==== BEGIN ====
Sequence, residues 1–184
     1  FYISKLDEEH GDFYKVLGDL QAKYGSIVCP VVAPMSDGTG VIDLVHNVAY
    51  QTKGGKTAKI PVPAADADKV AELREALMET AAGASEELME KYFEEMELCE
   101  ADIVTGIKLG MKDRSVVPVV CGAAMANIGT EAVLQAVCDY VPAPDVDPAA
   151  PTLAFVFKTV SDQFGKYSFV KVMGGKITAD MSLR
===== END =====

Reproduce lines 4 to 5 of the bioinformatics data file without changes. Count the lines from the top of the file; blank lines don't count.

   101  ADIVTGIKLG MKDRSVVPVV CGAAMANIGT EAVLQAVCDY VPAPDVDPAA
   151  PTLAFVFKTV SDQFGKYSFV KVMGGKITAD MSLR